They’ve defeated whole planets of people, caused complete destruction and have no compassion or remorse for anyone, especially their arch enemy, the Doctor.
With their mechanical appearance, piercing black gun and blue eye, they are some of the most recognisable monsters in the universe – and the most terrifying. When they utter their infamous war cry – exterminate! – it’s impossible to ignore. And now a phalanx of them have set their sights on Portsmouth.
Last year was the first time Daleks from the long-running series, Doctor Who, arrived at the Royal Marines Museum museum, and they are back this year with a vengeance – just in time for the new series of Doctor Who that hit our screens last week.
Celebrating 50 years since it first aired in 1963, 2013 is a big year for the show. It’s been announced there will be a movie-length episode in November shot in 3D, and David Tennant and Billie Piper will star alongside the latest incarnation of the Doctor and his faithful companion, Matt Smith and Jenna Louise-Coleman.
But right now it’s the seafront museum that is feeling the wrath of the famous time-travelling hero’s iconic enemy.
Jane Hodgkins, 50, is the marketing manager for the museum and lives at Southsea. She says: ‘The Fleet Arm Museum in Dorset has been running the event for the past seven or eight years, and we mentioned to them that nothing had been held like that in Hampshire before.
‘We thought there would be a lot of local enthusiasts who were interested in attending, but it turned out to be more popular than we could have imagined.’
This time around the Dalek Invasion will take place across two days, and there will be activities for visitors inside and outside the museum. There’s been a big build up for it too: ‘We talk about an invasion because that’s exactly what it is. There is a big build-up story that they are taking over Portsmouth. We have these images of destruction which are taking place across the city as they attack.
‘They’ve destroyed HMS Victory, and the Spinnaker Tower. Then they get their hands on the yomper outside the Royal Marines Museum. Soon they will be here, causing destruction. They’ve come to exterminate us all!’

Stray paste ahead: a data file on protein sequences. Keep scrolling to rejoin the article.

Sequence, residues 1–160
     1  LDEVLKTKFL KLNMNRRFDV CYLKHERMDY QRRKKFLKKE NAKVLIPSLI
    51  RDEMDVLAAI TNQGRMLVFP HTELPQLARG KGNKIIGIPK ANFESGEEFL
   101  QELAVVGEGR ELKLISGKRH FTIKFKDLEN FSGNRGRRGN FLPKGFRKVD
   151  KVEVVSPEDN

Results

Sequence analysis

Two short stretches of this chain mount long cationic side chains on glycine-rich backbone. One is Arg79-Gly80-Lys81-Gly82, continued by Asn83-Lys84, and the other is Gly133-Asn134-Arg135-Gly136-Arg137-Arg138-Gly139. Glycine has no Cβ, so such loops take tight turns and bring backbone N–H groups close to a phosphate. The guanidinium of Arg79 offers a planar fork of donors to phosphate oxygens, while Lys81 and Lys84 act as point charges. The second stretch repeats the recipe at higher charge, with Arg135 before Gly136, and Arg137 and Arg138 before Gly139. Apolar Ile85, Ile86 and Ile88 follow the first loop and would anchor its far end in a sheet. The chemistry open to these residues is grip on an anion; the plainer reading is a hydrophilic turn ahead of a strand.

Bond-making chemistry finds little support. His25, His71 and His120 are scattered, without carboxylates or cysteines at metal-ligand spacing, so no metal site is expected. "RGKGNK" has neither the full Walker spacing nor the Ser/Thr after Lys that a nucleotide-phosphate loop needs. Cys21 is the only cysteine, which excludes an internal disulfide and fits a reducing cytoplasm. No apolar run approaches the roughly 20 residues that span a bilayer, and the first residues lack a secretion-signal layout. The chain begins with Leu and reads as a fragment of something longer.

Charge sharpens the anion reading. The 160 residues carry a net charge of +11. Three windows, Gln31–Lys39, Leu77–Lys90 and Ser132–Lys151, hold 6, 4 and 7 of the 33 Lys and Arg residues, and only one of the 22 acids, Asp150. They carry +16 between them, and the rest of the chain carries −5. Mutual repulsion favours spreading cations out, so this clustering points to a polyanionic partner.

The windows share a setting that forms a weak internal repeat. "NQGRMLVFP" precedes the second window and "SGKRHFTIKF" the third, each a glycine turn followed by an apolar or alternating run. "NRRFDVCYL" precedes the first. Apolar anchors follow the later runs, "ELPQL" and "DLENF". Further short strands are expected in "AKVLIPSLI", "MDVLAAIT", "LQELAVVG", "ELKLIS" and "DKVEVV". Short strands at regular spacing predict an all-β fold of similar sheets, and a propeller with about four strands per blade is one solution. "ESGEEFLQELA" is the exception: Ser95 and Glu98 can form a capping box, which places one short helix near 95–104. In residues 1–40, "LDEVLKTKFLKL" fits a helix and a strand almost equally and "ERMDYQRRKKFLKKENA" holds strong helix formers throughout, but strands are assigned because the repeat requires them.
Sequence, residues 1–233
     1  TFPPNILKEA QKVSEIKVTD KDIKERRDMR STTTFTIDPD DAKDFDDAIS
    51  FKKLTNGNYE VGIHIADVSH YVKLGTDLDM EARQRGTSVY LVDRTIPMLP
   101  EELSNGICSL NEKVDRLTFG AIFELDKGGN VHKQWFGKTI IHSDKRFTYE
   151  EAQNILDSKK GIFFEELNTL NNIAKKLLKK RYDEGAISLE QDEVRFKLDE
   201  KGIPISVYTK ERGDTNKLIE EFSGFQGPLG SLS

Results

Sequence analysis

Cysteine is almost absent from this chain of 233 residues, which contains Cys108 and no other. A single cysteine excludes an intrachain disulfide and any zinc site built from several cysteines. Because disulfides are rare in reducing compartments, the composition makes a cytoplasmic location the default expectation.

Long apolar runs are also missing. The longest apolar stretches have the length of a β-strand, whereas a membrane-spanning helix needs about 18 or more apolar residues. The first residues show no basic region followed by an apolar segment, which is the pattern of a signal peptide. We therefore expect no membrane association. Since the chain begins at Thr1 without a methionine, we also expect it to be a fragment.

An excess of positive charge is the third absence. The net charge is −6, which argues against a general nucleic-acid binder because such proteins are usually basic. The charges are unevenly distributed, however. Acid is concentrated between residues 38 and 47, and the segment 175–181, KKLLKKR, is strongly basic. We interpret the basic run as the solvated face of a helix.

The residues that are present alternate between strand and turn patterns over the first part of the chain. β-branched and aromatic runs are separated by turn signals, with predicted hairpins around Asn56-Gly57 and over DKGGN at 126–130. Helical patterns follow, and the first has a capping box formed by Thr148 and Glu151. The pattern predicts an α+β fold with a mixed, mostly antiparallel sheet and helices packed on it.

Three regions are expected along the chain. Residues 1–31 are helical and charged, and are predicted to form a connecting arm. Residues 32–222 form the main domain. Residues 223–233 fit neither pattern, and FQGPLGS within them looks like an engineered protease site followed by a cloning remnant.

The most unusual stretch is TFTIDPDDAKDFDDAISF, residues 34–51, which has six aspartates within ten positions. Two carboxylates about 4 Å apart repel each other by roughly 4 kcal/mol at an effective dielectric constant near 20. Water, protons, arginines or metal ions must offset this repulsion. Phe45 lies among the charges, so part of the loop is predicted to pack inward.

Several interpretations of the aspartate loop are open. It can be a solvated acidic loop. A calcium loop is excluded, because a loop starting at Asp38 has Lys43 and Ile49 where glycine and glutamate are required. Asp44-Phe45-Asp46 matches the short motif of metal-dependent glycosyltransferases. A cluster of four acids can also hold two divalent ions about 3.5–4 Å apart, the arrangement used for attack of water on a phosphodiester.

Jane believes that because of the historic and military nature of the museum’s buildings, it works well as a place for the Daleks to ‘attack’.
Donna Roulland, 25, from Waterlooville, is the events and visitors’ experience manager at the museum. She says: ‘Last year we were overwhelmed by the number of people who attended and it proved so popular, we were at capacity by 11am.
‘Now we’ve got a bit more room because it’s going outside and we have a marque. I remember we had a queue around the car park because it was something that worked so well.
‘The shows and the characters all build it into an experience for the visitors. There’s fancy dress competitions for under threes, under fives and adults.’
Jane adds: ‘Doctor Who is one of the most popular series out there. Children and adults both love it. People tend to think of it as a children’s show but it’s gone beyond that.
‘It’s got a huge adult following, and some have been following it for the past 50 years. Some have children who now also love the show, and have been brought into the Doctor Who world.’
She adds: ‘It always had popular actors like David Tennant and Matt Smith, and they always have interesting and new characters. It’s massive.’
Open from 10am until 5pm today and tomorrow, the Dalek Invasion at the Royal Marine’s Museum features a number of activities for families including the chance to have your photograph taken with a Dalek, a Dalek X-Terminate Factor where they learn to sing, Dalek beat retreat, Dalek question time and a Dalek obstacle course.
Donna explains: ‘There’s a raffle where visitors can win an inflatable Tardis or an inflatable Dalek, and there’s lots of face painting, mask designing and fridge magnet making.